A systematic review of the effects of impaired glucose tolerance (IGT) on the incidence of chronic kidney disease (CKD) in young adults

British Journal of Diabetes

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Title A systematic review of the effects of impaired glucose tolerance (IGT) on the incidence of chronic kidney disease (CKD) in young adults
 
Creator Jadhakhan, Ferozkhan; Primary Care Clinical Sciences, Institute of Applied Health Research, University of Birmingham, Birmingham, UK
Marshall, Tom; Primary Care Clinical Sciences, Institute of Applied Health Research, University of Birmingham, Birmingham, UK
Gill, Paramjit; Primary Care Clinical Sciences, Institute of Applied Health Research, University of Birmingham, Birmingham, UK
 
Subject
impaired glucose tolerance, chronic kidney disease, estimated glomerular filtration rate, albumin creatinine ratio, type 2 diabetes
 
Description Objective: The risk of chronic kidney disease (CKD) is elevated in patients with diabetes mellitus but the effect of impaired glucose tolerance (IGT) is not known. This systematic review investigates the risk of CKD associated with IGT in young adults aged 18–40 years. Methods: CINAHL, EMBASE, MEDLINE, PubMed, Cochrane libraries and grey literature were searched from inception to January 2015 without language restriction for case-control and cohort studies comparing the frequency of CKD in cases aged 18–40 years with IGT/IFG (impaired fasting glucose) with controls without glycaemic abnormality or with type 2 diabetes (T2DM). CKD outcomes were determined by: estimated glomerular filtration rate, albumin creatinine ratio, proteinuria ≥1, serum creatinine, protein creatinine ratio and creatinine clearance levels. Results: Initial searches identified 90 citations potentially meeting the inclusion criteria. After full text review, 19 cohort studies and no case-control studies met the inclusion criteria, but only one cohort study reported separate data for persons aged 18–40 years. This study only compared the incidence of CKD in individuals with IGT with those with T2DM. The annual incidence of CKD was 0.13% per person-year compared with 2.4% in patients with T2DM. Conclusion: The results of this systematic review demonstrate that the risk of CKD in young adults with IGT/IFG is lacking. Further research is needed to estimate the incidence of CKD in this cohort of individuals. To bridge this gap in evidence, large epidemiological databases may be examined to quantify the risk of CKD in young adults aged 18–40 years with IGT/IFG compared with those with normoglycaemia. Data from these databases may potentially inform a prognostic study which may be useful in understanding the course and factors associated with CKD development. Finally, the results may emphasise the importance of identifying individuals with IGT/IFG earlier and implementing interventions to prevent or delay the development of CKD.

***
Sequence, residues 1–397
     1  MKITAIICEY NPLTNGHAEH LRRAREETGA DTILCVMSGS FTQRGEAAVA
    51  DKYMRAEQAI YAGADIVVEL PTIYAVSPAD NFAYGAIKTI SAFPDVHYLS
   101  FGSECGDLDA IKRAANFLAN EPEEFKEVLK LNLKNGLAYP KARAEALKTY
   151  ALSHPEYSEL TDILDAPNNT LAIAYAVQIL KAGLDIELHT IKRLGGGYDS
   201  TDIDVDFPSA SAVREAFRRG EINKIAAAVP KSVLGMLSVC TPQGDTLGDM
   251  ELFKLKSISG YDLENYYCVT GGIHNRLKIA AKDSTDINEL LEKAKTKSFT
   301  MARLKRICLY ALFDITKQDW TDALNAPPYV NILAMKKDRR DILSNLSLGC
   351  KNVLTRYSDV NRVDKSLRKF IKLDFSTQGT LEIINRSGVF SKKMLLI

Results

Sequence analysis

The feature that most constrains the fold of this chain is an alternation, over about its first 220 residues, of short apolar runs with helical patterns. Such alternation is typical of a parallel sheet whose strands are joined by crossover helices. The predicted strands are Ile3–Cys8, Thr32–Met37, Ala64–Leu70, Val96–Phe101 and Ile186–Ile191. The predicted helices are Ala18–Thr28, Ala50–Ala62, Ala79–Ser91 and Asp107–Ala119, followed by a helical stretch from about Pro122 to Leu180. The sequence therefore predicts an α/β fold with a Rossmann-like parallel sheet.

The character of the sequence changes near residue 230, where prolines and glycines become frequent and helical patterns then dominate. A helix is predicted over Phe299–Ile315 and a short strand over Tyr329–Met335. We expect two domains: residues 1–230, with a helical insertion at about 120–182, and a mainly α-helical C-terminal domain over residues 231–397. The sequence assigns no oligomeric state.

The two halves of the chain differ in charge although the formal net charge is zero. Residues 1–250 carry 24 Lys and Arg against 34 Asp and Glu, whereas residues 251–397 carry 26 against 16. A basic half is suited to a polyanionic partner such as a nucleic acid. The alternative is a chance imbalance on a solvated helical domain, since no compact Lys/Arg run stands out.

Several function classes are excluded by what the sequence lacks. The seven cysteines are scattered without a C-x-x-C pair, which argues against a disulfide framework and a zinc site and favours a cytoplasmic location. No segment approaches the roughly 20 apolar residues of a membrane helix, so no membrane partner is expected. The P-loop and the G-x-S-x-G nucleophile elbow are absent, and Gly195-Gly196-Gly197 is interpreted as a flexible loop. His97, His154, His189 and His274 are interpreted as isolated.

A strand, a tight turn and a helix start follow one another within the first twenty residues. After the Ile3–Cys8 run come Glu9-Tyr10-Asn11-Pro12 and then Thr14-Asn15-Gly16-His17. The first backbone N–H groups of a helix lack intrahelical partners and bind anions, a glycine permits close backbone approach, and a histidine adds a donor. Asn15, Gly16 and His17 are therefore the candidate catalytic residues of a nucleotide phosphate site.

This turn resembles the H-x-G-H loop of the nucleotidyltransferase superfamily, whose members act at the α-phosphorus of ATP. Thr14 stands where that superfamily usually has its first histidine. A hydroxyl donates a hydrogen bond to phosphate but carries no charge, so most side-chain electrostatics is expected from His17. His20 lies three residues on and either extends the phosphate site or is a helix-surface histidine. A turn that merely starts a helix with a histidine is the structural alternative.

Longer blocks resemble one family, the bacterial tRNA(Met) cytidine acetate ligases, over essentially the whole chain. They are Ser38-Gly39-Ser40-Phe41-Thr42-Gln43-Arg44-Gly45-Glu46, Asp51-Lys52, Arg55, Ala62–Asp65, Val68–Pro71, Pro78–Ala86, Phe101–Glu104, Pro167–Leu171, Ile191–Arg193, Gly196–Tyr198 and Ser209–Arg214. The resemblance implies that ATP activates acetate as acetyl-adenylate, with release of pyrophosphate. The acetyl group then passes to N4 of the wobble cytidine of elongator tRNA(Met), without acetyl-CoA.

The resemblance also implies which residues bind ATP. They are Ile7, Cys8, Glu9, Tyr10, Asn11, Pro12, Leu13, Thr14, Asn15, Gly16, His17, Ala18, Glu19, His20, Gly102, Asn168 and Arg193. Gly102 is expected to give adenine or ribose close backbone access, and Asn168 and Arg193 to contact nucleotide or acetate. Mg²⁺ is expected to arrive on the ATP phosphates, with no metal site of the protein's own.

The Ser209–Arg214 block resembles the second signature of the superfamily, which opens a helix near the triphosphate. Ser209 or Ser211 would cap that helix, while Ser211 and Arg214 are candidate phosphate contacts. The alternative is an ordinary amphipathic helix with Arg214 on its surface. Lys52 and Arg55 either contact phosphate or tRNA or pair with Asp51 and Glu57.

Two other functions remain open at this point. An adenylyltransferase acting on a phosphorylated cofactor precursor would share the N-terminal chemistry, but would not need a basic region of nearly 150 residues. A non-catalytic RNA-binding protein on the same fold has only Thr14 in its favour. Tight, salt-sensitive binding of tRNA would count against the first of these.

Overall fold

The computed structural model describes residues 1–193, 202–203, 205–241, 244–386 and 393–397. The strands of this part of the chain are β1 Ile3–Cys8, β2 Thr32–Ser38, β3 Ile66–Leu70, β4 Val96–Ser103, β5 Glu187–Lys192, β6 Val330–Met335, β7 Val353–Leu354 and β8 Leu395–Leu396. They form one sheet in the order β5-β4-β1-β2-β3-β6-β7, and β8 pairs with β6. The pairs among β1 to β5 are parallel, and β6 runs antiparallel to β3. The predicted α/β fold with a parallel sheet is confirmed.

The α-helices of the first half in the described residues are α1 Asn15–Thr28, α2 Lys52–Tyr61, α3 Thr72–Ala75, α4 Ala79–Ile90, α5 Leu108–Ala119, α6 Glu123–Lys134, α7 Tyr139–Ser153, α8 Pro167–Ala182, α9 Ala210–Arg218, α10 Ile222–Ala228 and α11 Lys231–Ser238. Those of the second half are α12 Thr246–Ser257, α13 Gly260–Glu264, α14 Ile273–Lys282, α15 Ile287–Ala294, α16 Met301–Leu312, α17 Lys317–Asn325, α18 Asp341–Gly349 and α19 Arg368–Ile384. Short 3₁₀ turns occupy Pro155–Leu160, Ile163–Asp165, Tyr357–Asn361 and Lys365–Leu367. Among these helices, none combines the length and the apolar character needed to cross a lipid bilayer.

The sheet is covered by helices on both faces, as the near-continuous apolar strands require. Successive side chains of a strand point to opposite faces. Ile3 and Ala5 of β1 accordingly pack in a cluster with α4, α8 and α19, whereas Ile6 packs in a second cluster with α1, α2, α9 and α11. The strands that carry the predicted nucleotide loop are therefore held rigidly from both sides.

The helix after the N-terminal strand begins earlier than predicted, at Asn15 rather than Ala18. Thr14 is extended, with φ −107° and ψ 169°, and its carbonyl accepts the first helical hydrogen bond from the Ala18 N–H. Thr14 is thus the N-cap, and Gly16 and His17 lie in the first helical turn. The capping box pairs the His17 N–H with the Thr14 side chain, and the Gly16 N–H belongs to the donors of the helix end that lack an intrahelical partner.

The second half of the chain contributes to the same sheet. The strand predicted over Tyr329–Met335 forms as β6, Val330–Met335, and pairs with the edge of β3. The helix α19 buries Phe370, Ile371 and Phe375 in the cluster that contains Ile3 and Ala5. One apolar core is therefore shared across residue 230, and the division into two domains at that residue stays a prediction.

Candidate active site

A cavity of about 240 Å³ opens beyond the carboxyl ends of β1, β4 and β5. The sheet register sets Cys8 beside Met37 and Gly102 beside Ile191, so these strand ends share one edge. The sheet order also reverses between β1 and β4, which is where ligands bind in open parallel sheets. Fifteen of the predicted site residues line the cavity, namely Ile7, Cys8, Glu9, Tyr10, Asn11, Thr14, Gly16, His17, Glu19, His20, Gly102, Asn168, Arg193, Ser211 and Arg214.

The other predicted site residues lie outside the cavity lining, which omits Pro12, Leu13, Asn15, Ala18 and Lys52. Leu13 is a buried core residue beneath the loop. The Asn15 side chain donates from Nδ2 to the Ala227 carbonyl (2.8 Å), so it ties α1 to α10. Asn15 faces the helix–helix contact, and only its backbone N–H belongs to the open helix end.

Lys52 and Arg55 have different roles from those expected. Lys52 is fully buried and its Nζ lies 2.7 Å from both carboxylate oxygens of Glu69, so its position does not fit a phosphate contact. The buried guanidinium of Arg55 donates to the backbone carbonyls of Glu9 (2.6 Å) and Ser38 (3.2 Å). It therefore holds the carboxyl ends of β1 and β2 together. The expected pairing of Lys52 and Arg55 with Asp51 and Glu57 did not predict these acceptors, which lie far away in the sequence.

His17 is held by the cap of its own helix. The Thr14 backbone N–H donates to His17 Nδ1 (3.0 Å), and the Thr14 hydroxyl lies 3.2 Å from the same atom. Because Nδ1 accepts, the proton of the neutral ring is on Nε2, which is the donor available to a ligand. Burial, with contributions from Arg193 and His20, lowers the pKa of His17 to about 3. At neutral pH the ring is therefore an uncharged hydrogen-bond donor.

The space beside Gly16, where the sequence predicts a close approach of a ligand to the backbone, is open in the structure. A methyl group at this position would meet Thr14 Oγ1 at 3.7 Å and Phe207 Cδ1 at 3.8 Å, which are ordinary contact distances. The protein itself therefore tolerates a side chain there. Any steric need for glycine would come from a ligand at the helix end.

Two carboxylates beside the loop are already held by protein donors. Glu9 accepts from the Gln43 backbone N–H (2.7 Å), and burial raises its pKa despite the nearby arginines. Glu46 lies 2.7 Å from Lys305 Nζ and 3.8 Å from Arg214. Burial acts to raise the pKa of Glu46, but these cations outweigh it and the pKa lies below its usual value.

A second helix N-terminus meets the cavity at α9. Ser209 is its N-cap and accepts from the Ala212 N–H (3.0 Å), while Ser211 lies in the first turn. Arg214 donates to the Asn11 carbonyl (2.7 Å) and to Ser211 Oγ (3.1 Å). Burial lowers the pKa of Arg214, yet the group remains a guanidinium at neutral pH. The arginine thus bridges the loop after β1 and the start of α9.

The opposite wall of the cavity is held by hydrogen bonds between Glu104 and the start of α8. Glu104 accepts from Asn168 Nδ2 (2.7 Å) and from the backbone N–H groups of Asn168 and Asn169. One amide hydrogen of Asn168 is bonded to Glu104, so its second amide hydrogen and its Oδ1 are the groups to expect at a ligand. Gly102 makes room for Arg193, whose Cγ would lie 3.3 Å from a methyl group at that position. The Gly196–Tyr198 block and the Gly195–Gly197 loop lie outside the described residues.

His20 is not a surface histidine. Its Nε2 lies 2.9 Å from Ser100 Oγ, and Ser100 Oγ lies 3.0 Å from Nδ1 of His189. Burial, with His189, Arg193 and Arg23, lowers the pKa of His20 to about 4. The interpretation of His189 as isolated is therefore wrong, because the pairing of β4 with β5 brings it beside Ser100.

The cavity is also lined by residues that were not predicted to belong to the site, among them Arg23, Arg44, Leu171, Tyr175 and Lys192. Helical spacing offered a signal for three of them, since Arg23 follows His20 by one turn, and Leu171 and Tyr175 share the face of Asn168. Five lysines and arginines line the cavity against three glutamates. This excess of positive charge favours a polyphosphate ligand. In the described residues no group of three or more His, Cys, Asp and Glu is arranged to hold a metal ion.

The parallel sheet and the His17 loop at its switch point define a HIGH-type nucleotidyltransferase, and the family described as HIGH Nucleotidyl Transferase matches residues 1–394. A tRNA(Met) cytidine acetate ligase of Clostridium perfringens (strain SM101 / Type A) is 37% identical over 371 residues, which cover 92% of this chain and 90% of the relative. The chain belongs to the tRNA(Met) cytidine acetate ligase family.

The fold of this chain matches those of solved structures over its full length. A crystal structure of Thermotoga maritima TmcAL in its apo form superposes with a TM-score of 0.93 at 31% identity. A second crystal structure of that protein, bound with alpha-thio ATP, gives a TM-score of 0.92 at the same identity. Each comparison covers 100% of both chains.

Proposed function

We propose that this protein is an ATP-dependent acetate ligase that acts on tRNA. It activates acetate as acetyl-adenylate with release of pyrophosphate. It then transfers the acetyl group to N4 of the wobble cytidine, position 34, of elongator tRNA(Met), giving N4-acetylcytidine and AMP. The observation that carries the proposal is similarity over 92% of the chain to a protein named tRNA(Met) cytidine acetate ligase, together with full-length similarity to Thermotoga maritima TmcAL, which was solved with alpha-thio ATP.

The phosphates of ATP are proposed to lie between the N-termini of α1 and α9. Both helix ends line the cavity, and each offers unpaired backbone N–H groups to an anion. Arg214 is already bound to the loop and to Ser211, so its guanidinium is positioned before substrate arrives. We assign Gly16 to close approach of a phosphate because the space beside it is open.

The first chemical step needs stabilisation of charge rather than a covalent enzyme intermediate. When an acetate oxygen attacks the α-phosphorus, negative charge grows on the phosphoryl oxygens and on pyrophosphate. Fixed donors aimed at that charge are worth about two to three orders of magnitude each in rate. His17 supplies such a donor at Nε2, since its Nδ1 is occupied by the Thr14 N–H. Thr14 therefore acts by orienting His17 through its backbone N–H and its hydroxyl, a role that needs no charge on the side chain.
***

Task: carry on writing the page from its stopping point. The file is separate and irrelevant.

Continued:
Publisher ABCD (Diabetes Care) Ltd
 
Contributor
 
Date 2016-12-20
 
Type info:eu-repo/semantics/article
info:eu-repo/semantics/publishedVersion

 
Format text/html
application/pdf
 
Identifier http://www.bjd-abcd.com/index.php/bjd/article/view/201
10.15277/bjd.2016.105
 
Source British Journal of Diabetes; Vol 16, No 4 (2016); 162-167
2397-6241
2397-6233
 
Language eng
 
Relation http://www.bjd-abcd.com/index.php/bjd/article/view/201/339
http://www.bjd-abcd.com/index.php/bjd/article/view/201/340
 
Coverage


 
Rights Copyright (c) 2016 British Journal of Diabetes
 

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